Angelo Z wrote:
When you run a 100m race, you put in 100% effort in the 100. When you run the 400, you put in 100% effort in the 400 which is 25% effort for each 100.

Umm, no, it doesn't work quite that way... Probably more like 90% effort each 100, give or take. 25% effort would be a light stroll.

Quote:
Stamina will improve speed.

I don't see where you're going with that concept or how you arrived at it... The only thing that improves speed is speed development.

Quote:
What I want him to avoid is to train like a 100m sprinter.

When was that ever in question? Was the 100m even mentioned as a training option?

Quote:
40-50-60m dashes does zilch for improving my speed in the mile run...

Disagree... If done properly, sprints of that sort will improve your running economy (efficiency) and make it easier to maintain pace at a longer distance such as the mile.

Dan
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PostPosted: Tue Jul 21, 2009 1:24 pm    Post subject: Reply with quote

Stamina improves speed. Bekele has amazing speed and most of his training is distance stuff at altitude. If I run 400m and I get tired after 300m, then I slow down. Now if I run 400m and feel like I can run 100m more, then that means I have more energy conserved which I will naturally use at my advntage to put in more speed. When you run at a speed that's passed a certain point and you slow down, then that's different. That's mostly due to physics, but if you're running the mile and you slow down, then you can still pick it up.

That last one doesn't make sense. Running at 40-60m speed is very unstable. In fact, the closer you run to your max speed, the more unstable you become and the same goes for running at 12:00 mile pace. It's like trying to learn how to park a car at 30 mph. Dashes are unhear of in African distance running and I'm saying that because Africans kick butt in distance. I've read Daniels' Running Formula and it's completely different on running economy. What improved my economy was long, slow running, I'm talking base building aside from all the energy improvements. You need to do a long, slow, perpetual motion to improve economy. When I run 40m, that is like me accelerating, it is completely different than the mile which makes it useless for improving running economy for milers. Aerobic endurance is the bread and butter for milers, it was the same for Hicham. Running 6-12 miles everyday at 4:40 mile pace is what also improves stamina a lot more than running economy. When I tried running at 7:00 pace, my form was falling apart, it just doesn't feel mechanically possible anymore and it actually feels harder than running at 6:00 pace. I've also looked into African running which you've probably done so many times and I didn't see a single hint that they do dashes. Just look at the results overall. I mean, Americans think that speed is the same for sprinters and endurance athletes, afterall it's still distance over time right?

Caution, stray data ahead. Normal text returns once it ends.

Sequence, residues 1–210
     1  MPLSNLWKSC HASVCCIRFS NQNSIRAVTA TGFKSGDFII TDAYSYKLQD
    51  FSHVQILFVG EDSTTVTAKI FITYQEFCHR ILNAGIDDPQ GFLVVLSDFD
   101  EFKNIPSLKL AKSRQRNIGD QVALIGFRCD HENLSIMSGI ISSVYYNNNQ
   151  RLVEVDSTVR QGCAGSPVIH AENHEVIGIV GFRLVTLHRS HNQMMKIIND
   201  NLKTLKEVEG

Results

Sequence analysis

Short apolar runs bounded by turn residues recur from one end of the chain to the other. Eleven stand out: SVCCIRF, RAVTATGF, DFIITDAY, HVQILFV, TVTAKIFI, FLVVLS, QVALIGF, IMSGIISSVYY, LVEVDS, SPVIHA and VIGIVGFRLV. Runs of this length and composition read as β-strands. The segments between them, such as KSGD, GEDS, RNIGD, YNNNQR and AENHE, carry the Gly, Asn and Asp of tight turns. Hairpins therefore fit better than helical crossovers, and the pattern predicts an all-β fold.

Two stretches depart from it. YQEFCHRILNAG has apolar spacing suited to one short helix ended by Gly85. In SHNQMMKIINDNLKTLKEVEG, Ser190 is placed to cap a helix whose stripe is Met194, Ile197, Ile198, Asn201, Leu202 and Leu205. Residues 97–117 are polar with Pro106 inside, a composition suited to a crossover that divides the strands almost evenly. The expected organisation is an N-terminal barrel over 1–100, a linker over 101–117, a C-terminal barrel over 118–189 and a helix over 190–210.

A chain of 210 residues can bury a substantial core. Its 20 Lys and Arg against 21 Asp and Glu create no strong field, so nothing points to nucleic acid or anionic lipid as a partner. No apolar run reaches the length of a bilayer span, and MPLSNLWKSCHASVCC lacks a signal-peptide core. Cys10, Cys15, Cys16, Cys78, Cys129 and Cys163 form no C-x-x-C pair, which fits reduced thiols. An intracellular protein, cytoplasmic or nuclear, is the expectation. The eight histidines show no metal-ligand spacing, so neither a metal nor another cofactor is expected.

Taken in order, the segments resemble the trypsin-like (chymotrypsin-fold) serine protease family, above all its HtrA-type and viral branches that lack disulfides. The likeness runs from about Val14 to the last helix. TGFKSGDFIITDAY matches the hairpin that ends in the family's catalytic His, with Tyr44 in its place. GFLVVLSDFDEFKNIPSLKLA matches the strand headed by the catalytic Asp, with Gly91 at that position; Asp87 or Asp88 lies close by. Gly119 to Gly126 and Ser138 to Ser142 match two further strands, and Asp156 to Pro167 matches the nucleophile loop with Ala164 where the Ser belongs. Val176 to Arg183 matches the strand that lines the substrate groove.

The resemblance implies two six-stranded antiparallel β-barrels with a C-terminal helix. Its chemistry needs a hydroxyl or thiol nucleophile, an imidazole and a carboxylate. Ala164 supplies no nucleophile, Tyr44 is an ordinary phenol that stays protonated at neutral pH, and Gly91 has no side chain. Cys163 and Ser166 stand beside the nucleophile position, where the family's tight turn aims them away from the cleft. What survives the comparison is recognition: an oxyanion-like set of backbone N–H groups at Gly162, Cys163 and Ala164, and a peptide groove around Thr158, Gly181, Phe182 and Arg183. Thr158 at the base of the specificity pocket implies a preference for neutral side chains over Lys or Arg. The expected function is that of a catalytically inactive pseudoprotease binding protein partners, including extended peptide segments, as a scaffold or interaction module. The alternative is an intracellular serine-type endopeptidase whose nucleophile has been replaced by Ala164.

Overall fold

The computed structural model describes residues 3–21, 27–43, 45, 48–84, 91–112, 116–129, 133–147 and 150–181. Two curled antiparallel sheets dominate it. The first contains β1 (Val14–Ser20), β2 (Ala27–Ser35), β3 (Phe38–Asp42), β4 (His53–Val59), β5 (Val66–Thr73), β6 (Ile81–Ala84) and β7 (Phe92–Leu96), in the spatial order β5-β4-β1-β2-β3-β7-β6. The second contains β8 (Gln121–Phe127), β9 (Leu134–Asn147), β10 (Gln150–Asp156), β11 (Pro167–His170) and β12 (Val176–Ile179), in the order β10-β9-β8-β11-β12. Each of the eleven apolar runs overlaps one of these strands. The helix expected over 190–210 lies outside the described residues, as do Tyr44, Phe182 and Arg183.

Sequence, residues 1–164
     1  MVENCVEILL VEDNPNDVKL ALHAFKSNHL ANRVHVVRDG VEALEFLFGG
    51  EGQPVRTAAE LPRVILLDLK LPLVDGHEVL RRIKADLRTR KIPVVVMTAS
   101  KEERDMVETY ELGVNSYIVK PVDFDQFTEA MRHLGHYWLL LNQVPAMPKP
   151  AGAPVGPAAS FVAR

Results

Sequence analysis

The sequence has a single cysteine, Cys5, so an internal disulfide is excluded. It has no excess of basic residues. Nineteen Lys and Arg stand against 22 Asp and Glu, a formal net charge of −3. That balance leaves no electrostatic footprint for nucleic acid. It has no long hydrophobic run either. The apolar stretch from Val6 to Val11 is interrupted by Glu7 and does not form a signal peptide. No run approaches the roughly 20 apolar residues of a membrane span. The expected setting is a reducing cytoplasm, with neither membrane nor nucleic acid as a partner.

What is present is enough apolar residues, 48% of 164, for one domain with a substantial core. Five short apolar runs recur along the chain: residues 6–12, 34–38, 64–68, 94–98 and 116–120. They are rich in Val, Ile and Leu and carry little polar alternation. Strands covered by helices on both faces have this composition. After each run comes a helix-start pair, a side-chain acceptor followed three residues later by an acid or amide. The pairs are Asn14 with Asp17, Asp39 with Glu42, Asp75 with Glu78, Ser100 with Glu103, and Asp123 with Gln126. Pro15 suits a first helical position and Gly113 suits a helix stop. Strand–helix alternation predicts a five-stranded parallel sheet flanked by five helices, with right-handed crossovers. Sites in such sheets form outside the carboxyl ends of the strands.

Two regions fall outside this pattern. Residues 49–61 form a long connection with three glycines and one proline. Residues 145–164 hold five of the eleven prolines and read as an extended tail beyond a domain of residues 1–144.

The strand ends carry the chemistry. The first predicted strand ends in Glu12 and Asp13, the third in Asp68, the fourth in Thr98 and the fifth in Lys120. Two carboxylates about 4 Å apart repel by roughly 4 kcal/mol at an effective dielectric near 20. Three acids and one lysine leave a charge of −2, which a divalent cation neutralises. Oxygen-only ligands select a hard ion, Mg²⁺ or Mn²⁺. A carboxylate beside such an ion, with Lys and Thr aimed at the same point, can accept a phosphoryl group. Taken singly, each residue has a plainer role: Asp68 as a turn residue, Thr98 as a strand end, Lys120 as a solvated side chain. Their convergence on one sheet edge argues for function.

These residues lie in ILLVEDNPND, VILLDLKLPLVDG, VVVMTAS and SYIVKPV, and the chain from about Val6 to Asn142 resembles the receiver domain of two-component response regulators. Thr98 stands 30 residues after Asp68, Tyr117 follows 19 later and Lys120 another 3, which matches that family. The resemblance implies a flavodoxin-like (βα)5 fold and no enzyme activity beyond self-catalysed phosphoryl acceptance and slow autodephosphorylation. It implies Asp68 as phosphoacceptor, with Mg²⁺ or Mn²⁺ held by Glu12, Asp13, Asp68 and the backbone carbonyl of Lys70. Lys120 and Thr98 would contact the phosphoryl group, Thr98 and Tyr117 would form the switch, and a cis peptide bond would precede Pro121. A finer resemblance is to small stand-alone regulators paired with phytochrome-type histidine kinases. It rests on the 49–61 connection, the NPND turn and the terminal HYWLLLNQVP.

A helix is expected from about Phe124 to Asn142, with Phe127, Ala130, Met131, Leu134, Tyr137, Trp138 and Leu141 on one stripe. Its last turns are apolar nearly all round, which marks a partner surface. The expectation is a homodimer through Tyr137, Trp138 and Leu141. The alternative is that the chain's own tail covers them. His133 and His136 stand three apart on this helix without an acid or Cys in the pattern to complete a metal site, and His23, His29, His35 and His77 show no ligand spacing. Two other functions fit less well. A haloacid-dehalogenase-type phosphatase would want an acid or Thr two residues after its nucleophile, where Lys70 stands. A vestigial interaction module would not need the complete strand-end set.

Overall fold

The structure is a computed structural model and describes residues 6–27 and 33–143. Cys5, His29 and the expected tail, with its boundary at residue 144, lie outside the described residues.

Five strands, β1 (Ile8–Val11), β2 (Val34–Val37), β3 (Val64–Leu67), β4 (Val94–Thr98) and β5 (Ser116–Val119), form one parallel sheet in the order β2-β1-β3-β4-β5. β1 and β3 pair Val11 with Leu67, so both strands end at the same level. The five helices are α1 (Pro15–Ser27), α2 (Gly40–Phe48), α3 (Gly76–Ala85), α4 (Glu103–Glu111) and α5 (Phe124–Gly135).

I went one dayafyer school to try out doing the drills with the track team. The coach said high knees and after I did it I was like, "My knees don't even feel close to going up this high when I run." That's just what people see from the sprinters. If I was running like that in the mile, I would be moving more vertically than horizontally. It's just a natural thing, you can run at 8:00 pace on the balls of your feet either even though the so-called science says that you spend less time on the ground by running on the balls of your feet. I'm saying all of this which seems a bit off topic because you raised a new debate with running economy and that also reminds me about the mistakes that Americans implement in their distance training

The book says this; if one runner uses 55 ml.kg. of oxygen at 6:00 pace vs. one with 50, then the second runner has a better running economy. I would say that all kinds of speeds improve a part of running eceonomy. Like in the first example, VO2 speed improves economy, easy pace or running relaxed improves economy, and faster paces like 200s, and hill sprints aid in running economy too. What I still don't see is how can short dashes help besides accelerating?